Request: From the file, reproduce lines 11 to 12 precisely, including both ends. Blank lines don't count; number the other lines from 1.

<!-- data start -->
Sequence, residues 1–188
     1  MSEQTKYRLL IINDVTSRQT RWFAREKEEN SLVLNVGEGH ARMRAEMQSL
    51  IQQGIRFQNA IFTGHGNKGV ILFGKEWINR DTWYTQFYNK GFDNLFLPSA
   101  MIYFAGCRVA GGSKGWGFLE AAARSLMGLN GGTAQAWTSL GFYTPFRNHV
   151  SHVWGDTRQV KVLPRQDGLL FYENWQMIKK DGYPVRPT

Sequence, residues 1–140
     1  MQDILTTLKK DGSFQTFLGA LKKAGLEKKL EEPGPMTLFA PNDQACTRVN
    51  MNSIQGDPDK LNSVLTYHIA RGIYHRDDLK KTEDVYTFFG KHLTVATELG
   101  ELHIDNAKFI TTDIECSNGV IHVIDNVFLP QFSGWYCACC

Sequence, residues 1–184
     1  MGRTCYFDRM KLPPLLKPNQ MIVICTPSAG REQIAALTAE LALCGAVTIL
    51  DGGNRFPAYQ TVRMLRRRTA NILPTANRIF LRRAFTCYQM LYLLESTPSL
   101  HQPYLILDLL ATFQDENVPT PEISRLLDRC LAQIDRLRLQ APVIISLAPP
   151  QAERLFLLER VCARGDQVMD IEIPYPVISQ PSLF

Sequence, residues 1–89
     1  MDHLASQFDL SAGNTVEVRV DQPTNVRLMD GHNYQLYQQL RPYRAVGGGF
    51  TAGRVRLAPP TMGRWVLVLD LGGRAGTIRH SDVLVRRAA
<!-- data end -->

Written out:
     1  MGRTCYFDRM KLPPLLKPNQ MIVICTPSAG REQIAALTAE LALCGAVTIL
    51  DGGNRFPAYQ TVRMLRRRTA NILPTANRIF LRRAFTCYQM LYLLESTPSL